As misinformation rampages through the internet, the clearest way to make sense of its scale and impact may be to use a similar lens to that used for detecting targeted influence campaigns, experts tell Axios' Kyle Daly, which means evaluating who's most active in spreading it and why.
Why it matters: Widespread misinformation is endangering public health and faith in democracy. Any hope of containing it relies on greater visibility into exactly how misinformation spreads across the internet.
The big picture: It's exceedingly tough to quantify misinformation. But we're not entirely in the dark and have some simple but useful tools — among them:
- Google Trends measures the total volume of searches for a given term and can capture the tipping point when false narratives break out into the mainstream.
- NewsWhip gauges the attention particular topics are receiving by measuring the social media interactions — likes and shares on Facebook and Twitter, for example — that news stories and other links about them garner. (It's how we built our chart above.)
Yes, but: Such methods provide just a small part of the picture — and nothing about whether the people clicking on misinformation are actually buying it. Experts Kyle talked with point to several big problems with existing methods of quantifying misinformation.
1. The numbers that are available are incomplete and potentially misleading.
- Twitter and Facebook have offered snapshots of how much material they've taken down around certain topics, but not the total volume of material they're reviewing.
- Facebook has spoken about measuring the overall "prevalence" of content that violates its rules by using sampling techniques. But observers aren't sold on relying on the platforms' own assessments.
2. The public internet is only one stream in the broader misinformation deluge.
- False claims and conspiracy theories are increasingly being spread in private Facebook groups, private chat servers on platforms like Discord, and private texts and messaging groups.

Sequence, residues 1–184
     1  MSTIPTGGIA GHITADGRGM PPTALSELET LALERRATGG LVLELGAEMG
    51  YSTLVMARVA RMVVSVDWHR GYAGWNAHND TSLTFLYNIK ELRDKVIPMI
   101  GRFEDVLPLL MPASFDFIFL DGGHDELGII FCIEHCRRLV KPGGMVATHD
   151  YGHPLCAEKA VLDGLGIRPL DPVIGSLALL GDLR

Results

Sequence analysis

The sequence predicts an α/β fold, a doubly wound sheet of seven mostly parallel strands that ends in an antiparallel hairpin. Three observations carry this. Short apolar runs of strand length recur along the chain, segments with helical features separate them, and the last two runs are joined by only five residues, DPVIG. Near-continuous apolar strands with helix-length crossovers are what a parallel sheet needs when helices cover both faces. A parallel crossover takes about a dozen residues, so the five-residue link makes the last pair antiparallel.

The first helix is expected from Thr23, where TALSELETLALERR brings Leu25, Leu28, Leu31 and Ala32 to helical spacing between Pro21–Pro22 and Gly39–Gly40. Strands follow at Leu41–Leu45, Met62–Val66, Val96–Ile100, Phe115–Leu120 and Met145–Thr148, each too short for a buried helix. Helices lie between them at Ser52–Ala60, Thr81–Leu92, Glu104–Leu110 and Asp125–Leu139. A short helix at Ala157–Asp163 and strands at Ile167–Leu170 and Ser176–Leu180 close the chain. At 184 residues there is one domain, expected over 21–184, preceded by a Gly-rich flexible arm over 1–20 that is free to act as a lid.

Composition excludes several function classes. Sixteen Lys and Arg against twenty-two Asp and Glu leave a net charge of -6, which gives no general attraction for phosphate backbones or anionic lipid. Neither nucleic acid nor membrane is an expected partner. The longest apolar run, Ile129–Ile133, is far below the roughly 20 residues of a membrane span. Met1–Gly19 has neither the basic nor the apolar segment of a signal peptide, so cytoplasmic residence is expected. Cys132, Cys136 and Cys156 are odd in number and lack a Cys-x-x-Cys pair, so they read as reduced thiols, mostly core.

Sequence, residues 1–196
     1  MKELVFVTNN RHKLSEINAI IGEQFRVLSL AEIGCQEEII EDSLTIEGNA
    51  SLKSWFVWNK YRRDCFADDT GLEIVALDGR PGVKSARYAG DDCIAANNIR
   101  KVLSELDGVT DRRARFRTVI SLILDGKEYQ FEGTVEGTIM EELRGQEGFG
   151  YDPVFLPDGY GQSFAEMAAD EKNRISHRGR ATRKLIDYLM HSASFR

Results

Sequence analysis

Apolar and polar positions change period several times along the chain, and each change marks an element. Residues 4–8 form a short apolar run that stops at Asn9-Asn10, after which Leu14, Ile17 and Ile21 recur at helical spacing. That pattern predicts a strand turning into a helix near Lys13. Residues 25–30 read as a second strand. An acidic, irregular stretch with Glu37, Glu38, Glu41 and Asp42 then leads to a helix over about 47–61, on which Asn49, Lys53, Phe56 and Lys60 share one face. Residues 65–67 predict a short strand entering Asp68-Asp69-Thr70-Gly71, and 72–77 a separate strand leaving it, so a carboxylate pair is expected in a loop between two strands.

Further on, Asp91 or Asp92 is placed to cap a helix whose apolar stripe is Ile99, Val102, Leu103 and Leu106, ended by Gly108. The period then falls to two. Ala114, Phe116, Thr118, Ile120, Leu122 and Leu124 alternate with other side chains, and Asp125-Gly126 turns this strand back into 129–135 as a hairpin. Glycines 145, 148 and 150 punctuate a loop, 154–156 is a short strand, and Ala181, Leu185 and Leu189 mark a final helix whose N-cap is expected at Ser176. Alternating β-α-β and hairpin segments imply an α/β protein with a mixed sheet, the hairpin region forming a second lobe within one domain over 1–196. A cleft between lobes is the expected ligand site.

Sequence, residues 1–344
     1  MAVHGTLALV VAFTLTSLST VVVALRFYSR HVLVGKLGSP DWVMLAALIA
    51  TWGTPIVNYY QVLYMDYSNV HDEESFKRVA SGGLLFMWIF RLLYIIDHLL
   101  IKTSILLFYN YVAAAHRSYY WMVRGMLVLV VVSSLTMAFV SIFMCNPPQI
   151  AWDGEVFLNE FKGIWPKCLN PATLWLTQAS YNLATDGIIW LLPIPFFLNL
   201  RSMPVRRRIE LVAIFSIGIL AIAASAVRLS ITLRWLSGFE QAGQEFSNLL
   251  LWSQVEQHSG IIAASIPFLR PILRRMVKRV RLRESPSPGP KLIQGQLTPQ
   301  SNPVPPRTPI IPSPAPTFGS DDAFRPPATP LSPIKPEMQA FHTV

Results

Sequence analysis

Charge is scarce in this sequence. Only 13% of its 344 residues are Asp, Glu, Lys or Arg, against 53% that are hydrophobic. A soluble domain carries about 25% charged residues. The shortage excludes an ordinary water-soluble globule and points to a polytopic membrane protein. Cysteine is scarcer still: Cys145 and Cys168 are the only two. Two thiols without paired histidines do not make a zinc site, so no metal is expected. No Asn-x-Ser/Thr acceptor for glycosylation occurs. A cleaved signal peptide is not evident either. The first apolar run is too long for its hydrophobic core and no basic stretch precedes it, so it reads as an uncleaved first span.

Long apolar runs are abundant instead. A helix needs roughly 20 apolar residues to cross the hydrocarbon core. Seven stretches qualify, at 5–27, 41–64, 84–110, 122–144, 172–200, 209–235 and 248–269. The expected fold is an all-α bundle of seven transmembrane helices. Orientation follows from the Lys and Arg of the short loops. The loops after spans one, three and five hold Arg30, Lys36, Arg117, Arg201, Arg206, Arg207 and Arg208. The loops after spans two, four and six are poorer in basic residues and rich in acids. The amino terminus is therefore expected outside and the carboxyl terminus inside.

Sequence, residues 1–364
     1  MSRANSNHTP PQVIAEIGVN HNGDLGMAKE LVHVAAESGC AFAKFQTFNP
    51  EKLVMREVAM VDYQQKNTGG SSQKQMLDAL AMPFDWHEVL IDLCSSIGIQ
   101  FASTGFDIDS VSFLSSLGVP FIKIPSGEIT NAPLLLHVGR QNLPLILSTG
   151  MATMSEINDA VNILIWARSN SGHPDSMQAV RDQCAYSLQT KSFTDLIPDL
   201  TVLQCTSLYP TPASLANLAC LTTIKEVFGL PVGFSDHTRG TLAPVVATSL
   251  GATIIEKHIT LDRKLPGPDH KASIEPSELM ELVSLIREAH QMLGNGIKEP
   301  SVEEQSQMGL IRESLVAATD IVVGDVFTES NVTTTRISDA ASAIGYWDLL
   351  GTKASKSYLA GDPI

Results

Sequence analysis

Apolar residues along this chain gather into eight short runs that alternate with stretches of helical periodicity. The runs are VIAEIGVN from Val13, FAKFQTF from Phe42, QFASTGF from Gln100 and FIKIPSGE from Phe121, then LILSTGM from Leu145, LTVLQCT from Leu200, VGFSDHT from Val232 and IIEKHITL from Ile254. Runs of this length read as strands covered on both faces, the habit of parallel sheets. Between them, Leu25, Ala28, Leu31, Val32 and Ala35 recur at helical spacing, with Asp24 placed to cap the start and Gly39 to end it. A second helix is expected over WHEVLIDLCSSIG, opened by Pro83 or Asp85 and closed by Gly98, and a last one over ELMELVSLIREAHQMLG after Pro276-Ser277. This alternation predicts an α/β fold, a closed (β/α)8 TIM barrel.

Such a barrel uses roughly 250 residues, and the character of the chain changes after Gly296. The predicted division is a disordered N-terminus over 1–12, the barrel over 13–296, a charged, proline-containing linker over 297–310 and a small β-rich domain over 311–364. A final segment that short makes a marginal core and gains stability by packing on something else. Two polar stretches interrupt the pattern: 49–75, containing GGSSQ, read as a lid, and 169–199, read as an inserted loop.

- They also surface in partisan media outlets, elected officials' public statements and everyday real-world conversation.
3. "Misinformation" is a subjective category.
- Something like "5G towers spread COVID-19" is an easily adjudicated false claim.
- But most misinformation appears in shades of gray, coming as a misleading gloss on events or statistics with some basis in reality.
- And the language of misinformation is often innuendo and obfuscation — vague allusions to conspiracies and malfeasances rather than bald-faced lies.
What's next: Companies and research groups that track misinformation are increasingly focused on the actors who are most effective in driving discussion around certain topics — and on those actors' agendas. A better understanding of who's giving voice to a particular claim can serve as a shortcut for individuals to judge its merits without relying on platform enforcement or transparency.
- Yonder and Graphika are among the companies making sense of misinformation's spread not by trying to run down every questionable claim, but by analyzing and defining the groups and figures that are either most active in discussing topics like mail-in ballots or responsible for shuttling such discussions from platform to platform.
Of note: These approaches are effective and appealing because they don't require a full picture of every single questionable claim or conspiracy theory that travels across the internet. But researchers and policymakers still contend that we'd benefit from more transparency and accountability from platforms on steps they're taking to fight misinformation.
Something as simple as a government-mandated algorithmic impact assessment could force platforms toward a better understanding of the effect the decisions they farm out to AI have on civic health, argues Nate Erskine-Smith, a Canadian parliamentarian and member of the International Grand Committee on Disinformation.